Why Sports Matter: A View from Nigeria

The following is an excerpt from Wiebe Boer’s book, The History of Football in Nigeria: A Story of Heroes and Epics.

When teenage football sensation Julius Aghahowa scored two successive goals to save Nigeria’s senior national team, the Super Eagles, from a quarter-final exit at the hands of Senegal in the 2000 African Nations Cup, exuberant fans invaded the National Stadium pitch and held up the match for over 10 minutes. The nail-biting drama and excitement of Nigeria’s come-from-behind victory was too much for pregnant spectator Aishat Oyerinde, who went into pre-term labour but thankfully gave birth to a healthy boy who was appropriately named ‘Julius’. An elderly man watching the match on television in Kano was not so lucky. He suffered a heart attack while leaping for joy, and was completely ignored by fans around him who were more interested in the game than his predicament. Nigerian fans in Ilorin, angry that the electricity had failed while they were watching the match, burnt down the house of Felix Oketunji, an employee of the national power company.

Eighteen months later, on Sunday, July 29, 2001, Nigeria’s Super Eagles defeated Ghana 3-0 in Port Harcourt, Rivers State, to qualify for the 2002 World Cup. A draw or a defeat would have entailed Liberia’s qualification in Nigeria’s place, so all efforts were made to ensure qualification. In the stands that day were Nigeria’s president Olusegun Obasanjo, over a dozen state governors, and numerous dignitaries who felt that their presence would boost the team’s morale. After the match, with their qualification secured, Nigerians in Port Harcourt and across the country began celebrating, as the dignitaries made all sorts of promises regarding what they would do for the players. Encomiums were showered on the all-Nigerian coaching staff, and streets in Port Harcourt were named after Victor Agali and Tijani Babangida, the players who together scored the three goals. Nobody stopped to ask why Babangida, a Northerner against whom the people of the Niger Delta were at the time waging a political battle for resource control, should have a street named after him. It did not matter. On that day, Tijani Babangida was a Nigerian, first and foremost, as was everyone celebrating together, from the President down to the poorest okada driver in the stands…

…In Nigeria, the rhetoric surrounding football is focused on how important the game is to national unity – when the national team plays, Nigerians feel a rare unity of purpose. To illustrate this, let me introduce four quotations, regarding football’s importance to the country. The first is taken from a book on Nigerian football, written by former national team captain turned sportswriter Segun Odegbami:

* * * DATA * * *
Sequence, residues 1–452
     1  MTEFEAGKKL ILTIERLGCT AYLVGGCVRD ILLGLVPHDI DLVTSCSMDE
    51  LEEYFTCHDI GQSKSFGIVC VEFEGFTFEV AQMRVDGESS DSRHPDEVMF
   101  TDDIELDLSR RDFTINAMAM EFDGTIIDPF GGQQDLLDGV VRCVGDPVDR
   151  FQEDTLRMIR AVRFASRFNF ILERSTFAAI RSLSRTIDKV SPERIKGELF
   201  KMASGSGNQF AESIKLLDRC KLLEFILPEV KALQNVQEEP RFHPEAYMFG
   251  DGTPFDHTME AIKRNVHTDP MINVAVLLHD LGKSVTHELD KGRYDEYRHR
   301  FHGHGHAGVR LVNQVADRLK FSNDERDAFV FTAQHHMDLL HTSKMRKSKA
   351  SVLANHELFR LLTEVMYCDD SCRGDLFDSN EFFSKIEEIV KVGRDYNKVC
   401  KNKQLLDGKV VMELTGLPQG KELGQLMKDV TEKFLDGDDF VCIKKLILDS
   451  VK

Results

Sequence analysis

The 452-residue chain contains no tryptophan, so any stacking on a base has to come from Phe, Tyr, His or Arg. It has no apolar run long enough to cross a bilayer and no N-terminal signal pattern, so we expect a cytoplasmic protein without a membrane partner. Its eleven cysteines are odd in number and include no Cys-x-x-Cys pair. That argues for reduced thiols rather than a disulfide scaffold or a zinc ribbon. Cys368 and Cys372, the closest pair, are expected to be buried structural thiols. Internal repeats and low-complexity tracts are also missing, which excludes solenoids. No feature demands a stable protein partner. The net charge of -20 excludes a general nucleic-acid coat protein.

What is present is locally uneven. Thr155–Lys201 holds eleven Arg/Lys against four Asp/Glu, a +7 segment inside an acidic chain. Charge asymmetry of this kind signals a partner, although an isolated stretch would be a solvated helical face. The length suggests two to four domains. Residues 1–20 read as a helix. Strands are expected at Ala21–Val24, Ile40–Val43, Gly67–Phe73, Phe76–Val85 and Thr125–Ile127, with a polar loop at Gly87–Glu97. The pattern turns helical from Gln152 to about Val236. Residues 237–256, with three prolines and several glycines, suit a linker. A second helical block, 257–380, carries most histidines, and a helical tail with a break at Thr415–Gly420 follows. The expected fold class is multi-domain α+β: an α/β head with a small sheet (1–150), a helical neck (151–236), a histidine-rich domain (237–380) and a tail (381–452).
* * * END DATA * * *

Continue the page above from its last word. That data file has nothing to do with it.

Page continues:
“When a Nigerian team is engaged in a major international match, the country’s over 80 million people bury their differences (religious, tribal, political, societal and so on) and come together in supporting the country’s representatives. Side by side people sit before radio sets or television sets, or in the terraces at the stadium cheering and wishing the country well.”

The second is from General Abdulsalami Abubakar, then serving as Military President of Nigeria, in his welcome message to those attending the 10th FIFA World Youth Cup in 1999, the biggest sporting event held in Africa up to that date:

“…since the present administration took over, the country has witnessed gradual integration into the international community. It is only most cherished that the game of football which has remained a big symbol of unity and peace in Nigeria, will also finally open up the country to the rest of the world.”

The third quotation is from former Nigerian national team player and coach, Paul Hamilton, speaking during the 2000 African Nations Cup tournament:

“Wherever an organised match is being played anywhere in this country, people from the different ethnic groups come together. When the victory they hope for comes they are united, as if they are from the same womb.”

The final quote is more recent and is from the former Minister of Sports, Bolaji Abdullahi. During the presidential dinner in honour of the Super Eagles after their triumph at the 2013 African Cup of Nations to which I was privileged to attend, Abdullahi said, “Our victory in South Africa is the most precious gift to our nation and we are most grateful. Celebrations in Ibadan are as loud as in Kano, Aba, and Maiduguri. We must insist on our togetherness.”

Where did all this enthusiasm for football in Nigeria come from? How did football become so popular that so much national attention and rhetoric would surround it? This book attempts to address these questions alongside others: How did cultural practices like football introduced from abroad, become indigenised? What were the cultural and practical motivations for the British colonial rulers to introduce football and other leisure activities to Nigeria? Were there differences between the north and the south in the spread and scope of football?

In Nigeria, the rhetoric surrounding football is focused on how important the game is to national unity – when the national team plays, Nigerians feel a rare unity of purpose.

— WIEBE BOER, President of Calvin University, from his book, The History of Football in Nigeria: A Story of Heroes and Epics

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Wiebe Boer, here processing in with his wife at his inauguration at Calvin University.

Calvin University President Wiebe Boer’s book, The History of Football in Nigeria: A Story of Heroes and Epicsis a must read during the World Cup!